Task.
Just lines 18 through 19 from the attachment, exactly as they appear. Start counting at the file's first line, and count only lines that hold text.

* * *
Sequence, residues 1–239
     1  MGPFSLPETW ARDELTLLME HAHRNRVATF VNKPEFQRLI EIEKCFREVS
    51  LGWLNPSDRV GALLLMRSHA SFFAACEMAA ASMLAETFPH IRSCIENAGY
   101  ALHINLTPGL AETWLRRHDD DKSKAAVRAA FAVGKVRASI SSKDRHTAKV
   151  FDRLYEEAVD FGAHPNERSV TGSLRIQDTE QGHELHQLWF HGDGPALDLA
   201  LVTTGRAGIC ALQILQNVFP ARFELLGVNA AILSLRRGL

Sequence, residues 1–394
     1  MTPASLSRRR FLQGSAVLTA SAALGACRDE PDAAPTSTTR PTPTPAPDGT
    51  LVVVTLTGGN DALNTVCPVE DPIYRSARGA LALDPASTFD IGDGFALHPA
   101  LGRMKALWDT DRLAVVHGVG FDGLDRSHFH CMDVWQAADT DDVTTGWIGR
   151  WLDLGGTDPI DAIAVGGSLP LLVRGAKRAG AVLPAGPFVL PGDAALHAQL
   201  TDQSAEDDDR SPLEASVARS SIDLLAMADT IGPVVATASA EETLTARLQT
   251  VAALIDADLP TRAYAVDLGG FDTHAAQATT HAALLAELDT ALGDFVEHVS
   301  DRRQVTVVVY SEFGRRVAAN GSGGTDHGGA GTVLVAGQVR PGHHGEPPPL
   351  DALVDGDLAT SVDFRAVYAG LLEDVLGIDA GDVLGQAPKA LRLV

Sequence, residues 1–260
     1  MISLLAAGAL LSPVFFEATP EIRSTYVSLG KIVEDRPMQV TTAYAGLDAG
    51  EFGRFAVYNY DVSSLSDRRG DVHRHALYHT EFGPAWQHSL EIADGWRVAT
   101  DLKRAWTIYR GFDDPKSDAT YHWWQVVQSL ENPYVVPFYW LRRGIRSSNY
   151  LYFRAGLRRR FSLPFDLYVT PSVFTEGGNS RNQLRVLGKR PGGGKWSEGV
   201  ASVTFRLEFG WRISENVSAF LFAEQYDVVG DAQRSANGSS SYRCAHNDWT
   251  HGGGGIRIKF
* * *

    51  EFGRFAVYNY DVSSLSDRRG DVHRHALYHT EFGPAWQHSL EIADGWRVAT
   101  DLKRAWTIYR GFDDPKSDAT YHWWQVVQSL ENPYVVPFYW LRRGIRSSNY